In relation to this curious investigation Mr Blair deserves some sympathy, although in the current hostile climate he will not get much. The so-called cash for honours allegations are presented hysterically, without context and often without acknowledgement of the problems and the responsibilities facing party leaders as they prepare for election campaigns.
In the case of the build-up to the election in 2005, Mr Blair probably became aware that the Conservative coffers were being filled quickly under the new leadership of Michael Howard. What was he to do? He could have sat back and allowed the Tories to build up a big financial advantage, or compete with them with more or less the same amount of cash. I do not blame the Conservatives for seeking to make waves with more money. I understand why Mr Blair felt the need to ensure that Labour could compete on a level playing field. The two leaders were preparing to contest an election for power, not a game of Scrabble on a rainy evening.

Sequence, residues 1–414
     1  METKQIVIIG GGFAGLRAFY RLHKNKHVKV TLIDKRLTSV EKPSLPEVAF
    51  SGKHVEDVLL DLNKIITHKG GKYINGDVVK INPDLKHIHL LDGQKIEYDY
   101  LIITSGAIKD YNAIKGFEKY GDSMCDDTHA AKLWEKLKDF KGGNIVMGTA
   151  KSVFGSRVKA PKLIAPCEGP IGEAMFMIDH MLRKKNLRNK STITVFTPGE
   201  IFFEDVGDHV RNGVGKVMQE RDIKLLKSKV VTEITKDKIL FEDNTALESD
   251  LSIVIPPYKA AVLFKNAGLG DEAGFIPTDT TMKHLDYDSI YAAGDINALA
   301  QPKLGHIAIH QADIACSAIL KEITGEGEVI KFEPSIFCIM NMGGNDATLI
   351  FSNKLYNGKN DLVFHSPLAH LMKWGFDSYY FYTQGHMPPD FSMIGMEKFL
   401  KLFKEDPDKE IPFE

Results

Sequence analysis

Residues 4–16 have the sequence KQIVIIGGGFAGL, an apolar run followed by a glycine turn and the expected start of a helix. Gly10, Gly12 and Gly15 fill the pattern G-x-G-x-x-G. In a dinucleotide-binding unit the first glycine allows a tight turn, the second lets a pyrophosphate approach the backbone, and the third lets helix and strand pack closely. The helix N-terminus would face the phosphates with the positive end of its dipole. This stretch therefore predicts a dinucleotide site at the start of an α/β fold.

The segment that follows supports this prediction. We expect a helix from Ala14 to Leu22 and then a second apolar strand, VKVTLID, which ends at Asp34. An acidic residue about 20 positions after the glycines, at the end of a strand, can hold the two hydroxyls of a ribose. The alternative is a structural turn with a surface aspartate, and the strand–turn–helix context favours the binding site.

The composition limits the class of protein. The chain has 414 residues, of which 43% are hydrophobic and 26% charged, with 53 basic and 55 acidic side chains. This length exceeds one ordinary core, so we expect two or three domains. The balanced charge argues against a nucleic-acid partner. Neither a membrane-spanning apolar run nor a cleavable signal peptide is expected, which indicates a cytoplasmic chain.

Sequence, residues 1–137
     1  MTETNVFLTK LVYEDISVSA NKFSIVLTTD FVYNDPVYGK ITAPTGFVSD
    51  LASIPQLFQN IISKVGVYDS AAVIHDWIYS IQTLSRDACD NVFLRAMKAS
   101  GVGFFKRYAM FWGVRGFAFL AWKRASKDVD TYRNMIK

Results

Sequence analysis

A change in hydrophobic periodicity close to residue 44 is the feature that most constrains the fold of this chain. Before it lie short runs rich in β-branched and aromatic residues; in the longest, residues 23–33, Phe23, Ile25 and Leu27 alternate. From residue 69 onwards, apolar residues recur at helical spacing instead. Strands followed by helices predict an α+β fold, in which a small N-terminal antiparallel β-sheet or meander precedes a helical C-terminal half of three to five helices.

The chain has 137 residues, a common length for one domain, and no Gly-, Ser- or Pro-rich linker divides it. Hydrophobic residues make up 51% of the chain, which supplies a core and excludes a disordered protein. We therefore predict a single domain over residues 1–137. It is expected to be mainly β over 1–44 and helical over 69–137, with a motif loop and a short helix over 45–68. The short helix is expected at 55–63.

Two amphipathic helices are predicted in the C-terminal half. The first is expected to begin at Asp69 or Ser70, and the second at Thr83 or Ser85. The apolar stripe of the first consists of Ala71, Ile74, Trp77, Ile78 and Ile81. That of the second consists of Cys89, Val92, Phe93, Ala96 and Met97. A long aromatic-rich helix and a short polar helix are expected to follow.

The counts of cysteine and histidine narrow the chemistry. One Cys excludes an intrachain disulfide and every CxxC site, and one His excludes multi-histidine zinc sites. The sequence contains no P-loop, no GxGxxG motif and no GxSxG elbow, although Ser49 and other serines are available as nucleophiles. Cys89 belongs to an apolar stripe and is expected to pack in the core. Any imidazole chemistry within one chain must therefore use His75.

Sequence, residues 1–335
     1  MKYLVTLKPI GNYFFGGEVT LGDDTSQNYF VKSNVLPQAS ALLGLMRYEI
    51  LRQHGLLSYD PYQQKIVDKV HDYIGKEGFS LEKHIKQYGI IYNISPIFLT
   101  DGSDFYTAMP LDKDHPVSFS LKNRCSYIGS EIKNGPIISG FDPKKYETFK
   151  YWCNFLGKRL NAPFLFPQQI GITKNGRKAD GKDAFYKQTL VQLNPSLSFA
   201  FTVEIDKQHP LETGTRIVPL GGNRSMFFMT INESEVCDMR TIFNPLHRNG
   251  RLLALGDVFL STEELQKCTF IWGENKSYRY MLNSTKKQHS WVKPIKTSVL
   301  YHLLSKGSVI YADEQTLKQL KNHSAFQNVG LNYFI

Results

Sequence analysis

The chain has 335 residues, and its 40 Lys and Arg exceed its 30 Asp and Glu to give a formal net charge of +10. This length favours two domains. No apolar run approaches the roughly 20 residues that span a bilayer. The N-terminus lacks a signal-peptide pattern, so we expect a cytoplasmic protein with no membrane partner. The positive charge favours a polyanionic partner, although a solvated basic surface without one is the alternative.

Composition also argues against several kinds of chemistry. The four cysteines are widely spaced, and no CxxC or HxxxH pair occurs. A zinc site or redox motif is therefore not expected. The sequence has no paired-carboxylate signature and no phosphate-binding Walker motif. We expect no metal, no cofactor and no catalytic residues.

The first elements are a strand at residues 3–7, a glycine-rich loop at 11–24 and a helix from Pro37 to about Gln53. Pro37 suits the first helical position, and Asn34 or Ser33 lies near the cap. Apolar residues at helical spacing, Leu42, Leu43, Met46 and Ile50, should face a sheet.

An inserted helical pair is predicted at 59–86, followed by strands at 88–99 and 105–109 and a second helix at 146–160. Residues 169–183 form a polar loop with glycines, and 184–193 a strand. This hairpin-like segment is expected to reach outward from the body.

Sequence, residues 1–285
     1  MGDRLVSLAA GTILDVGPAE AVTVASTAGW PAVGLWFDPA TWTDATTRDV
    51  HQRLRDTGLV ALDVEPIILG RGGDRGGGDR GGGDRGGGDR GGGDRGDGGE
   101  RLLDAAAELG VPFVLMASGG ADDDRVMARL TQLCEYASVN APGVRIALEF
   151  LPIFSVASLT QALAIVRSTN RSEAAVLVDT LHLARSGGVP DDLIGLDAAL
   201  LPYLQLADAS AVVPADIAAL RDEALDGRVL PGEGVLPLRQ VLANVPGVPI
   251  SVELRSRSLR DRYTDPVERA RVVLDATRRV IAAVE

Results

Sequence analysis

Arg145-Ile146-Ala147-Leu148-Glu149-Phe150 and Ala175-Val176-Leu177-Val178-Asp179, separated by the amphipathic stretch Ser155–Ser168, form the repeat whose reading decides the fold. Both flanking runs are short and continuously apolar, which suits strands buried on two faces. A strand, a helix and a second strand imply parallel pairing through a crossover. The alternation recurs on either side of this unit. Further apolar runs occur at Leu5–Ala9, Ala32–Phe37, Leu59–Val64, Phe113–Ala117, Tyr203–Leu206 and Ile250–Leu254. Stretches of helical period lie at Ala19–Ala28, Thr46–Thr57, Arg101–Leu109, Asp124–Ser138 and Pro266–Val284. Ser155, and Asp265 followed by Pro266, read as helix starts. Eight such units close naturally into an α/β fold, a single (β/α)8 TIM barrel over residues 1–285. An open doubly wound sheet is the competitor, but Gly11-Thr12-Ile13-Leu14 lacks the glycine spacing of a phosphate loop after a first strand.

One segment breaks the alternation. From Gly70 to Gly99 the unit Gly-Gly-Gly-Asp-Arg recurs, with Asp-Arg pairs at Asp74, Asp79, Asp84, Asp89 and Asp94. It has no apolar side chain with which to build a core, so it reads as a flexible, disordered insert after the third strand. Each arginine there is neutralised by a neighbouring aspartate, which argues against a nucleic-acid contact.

Party funding has been the rough, tough, nasty side of British politics for decades. Mr Blair has always disliked raising money, as anyone would. I doubt if Mr Howard went into politics either in order to spend time persuading the wealthy to provide cash. It is a humiliating position for those that aspire to be powerful or who wield power. As matters stand, they have to do it.
There are some political criticisms to be made on the subject in relation to Mr Blair, and they are emblematic of his period in power. He defends his close relations with business leaders by pointing out that he sought to end Labour's dependency on the unions. Mr Blair has a point. Party leaders, especially Labour leaders, cannot win on this issue. Labour was taunted while they were dependent on the unions. Now they are bashed about because of their relations with business.
Even so, Mr Blair's antennae should have been more sharply focused in his dealings with business leaders. Too guided by his party's vote-losing past, Mr Blair was neurotically acute to any dangers posed by unions. For the same reasons, he was too uncritically proud of his close relations with business. In his desire not to be old Labour, he has followed a path on several fronts that led to a new set of deadly problems. A close friend of Lord Levy tells me that when Mr Blair attended a dinner of business leaders at the fundraiser's home, it was the Prime Minister who was in awe.